Sumter County was created by the Florida legislature on January 8, 1853 and was once part of Marion County. Known for its simple beauty, much of what is now eastern Sumter County was part of the original Seminole Indian reservation established under the Treaty of Moultrie in 1824, and was named after Revolutionary War hero General Thomas Sumter. Today, Sumter County is one of the fastest growing counties in Florida, encompasses 580 square miles, and is home to nearly 100,000 people.
In 2010, the FBI Uniform Crime Report showed that Sumter County was one of the safest counties in Florida; according to the Sumter County Sheriff’s Office website.
In spite of this, there is a dark history of unsolved murders in this county, many of which occurred alongside Interstate-75. Below are the high-lights of five cases. More information on these cases can be found at Florida Crime Writer, which is updated frequently with new information.
Anyone with any possible informationon any of these cases, please contact Captain Kevin Hofecker at the Sumter County Sheriff’s Office by telephone at (352)569-1600 or (352)569-1680, by fax (352)569-1605 or by email at firstname.lastname@example.org.
On September 17, 2007, the body of 20 year old Jaime Ortiz-Morales was discovered in a wooded area off of CR 656-G in the “Croom” area of Sumter County, Florida. The cause of death was determined to be homicide as a result of multiple gunshot wounds. The time of death was estimated to be sometime between the early evening hours of September 13, 2007 and the morning hours of September 14, 2007.
Virginia Mary Ries
On May 2, 1979, the skeletal remains of 19 year old Virginia Mary Ries were discovered in a wooded median strip on Interstate 75 just north of Exit 309 in Webster, Florida. Virginia Ries was last seen leaving her mother’s home located in Punta Gorda, Florida with her boyfriend. Her boyfriend reportedly dropped her off at Interstate 75 and Busch Blvd in Tampa, Florida. From there Virginia was to hitchhike her way back to Columbus Air Force Base in Mississippi where she had been serving in the Air Force. Her cause of death was determined to be a homicide as a result of stabbing.
Little Miss Lake Panasoffkee
Synopsis: On February 19, 1971, the body of a white female homicide victim was discovered under the Lake Panasoffkee Bridge at Interstate 75 in Sumter County. The victim has never been identified.
Little Miss Lake Panasoffkee In March 2012, Sumter sheriff’s detectives requested the Anthropology Department at the University of South Florida conduct further testing on the 41 year old remains after learning of the university’s involvement in other bay area cold cases. The Anthropology Department re-examined the remains and generated a new composite image of the victim and that of her clothing worn at the time of her death. Those new images are listed above. At the time of her death, she was between 17-24 years of age, approximately 5’02”-5’05” tall, weighed approximately 110-120 lbs. and had dark colored hair and brown eyes. She was wearing plaid green pants, a matching solid green shirt, and a shawl with green and yellow print. She had a Baylor wrist watch on her left hand, a yellow gold ring with clear stone on her left ring finger, and a small, thin yellow gold necklace.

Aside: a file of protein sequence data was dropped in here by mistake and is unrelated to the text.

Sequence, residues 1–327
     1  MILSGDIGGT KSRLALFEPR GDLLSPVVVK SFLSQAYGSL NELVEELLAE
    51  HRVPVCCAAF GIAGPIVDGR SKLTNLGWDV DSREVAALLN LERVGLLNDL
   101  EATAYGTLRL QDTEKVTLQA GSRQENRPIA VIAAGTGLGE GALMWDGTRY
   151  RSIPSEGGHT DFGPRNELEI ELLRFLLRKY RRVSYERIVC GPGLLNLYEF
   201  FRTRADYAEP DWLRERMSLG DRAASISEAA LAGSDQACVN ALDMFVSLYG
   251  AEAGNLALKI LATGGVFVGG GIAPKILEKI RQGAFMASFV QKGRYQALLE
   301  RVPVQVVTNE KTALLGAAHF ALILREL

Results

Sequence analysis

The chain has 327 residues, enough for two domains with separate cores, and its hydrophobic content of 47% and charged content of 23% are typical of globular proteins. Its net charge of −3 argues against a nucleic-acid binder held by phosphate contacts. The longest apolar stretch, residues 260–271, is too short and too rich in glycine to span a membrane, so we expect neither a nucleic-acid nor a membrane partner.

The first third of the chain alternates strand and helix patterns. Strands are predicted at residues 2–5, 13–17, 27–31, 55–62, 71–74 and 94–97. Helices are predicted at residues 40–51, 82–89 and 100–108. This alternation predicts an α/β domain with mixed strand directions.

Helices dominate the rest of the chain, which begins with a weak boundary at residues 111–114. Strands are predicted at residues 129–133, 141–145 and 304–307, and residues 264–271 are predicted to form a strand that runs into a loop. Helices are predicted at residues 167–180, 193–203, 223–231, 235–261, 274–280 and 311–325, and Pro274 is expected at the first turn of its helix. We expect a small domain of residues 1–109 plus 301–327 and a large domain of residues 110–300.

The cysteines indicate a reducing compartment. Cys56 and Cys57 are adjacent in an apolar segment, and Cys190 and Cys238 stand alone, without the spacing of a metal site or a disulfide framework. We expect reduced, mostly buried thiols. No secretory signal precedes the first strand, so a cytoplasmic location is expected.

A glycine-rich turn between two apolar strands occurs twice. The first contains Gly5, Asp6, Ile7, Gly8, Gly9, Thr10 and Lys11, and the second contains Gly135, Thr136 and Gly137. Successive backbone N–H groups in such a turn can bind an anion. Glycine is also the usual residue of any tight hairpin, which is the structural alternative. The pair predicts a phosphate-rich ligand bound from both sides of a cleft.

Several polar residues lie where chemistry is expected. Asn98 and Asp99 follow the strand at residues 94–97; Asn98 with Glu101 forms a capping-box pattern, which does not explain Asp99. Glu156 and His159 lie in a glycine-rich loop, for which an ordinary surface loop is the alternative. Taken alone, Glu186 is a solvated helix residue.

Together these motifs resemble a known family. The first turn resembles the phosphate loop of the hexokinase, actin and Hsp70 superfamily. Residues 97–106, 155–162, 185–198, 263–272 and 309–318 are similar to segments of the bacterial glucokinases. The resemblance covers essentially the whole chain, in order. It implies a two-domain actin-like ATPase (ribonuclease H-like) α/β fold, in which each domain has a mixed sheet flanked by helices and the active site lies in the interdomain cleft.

Little Miss Lake Panasoffkee The victim’s teeth were examined by the Geological Sciences Department at the University of Florida. The conclusion of the analysis determined that the victim is possibly of Greek descent and most probably had come to the United States ten to twelve months before her death. Further testing determined the victim’s teeth contained a high level of Pb (lead) that may link the victim to the small town of Lavrion, which is located approximately 60 miles southeast of Athens, Greece. Lavrion is known for its high level of lead contamination associated with mining operations in the region.
Oak Grove Cemetery Double Murder
On February 22, 1972, at or around 8AM, the bodies of 19 year old Shirley Elizabeth Whitten and 26 year old Roger Dale Higgins were discovered in the Oak Grove Cemetery at the end of CR 232 in Wildwood, Florida. Both persons were determined to be the victims of homicide as they were both stabbed multiple times. Shirley Whitten worked at the Union 76 Truck Stop at the time of her death. Roger Dale Higgins had just accepted a new position as a lumper for a moving company and had stopped in to rest at the truck stop with his employer.
Jan David Fox
On April 13, 1992, at approximately 6:55AM, the body of 44 year old Jan David Fox was discovered along N CR-475 just south of the CR-470/Interstate 75 interchange. The cause of death was determined to be a homicide as a result of a single gunshot wound to the head. The victim had recently been seen with two unidentified large men described as “biker types” at the Fuel City Truck Stop located at CR-470 and Interstate 75. During the initial investigation, numerous sources suggested that members of the Outlaws Motorcycle Gang had put a hit out on Mr. Fox.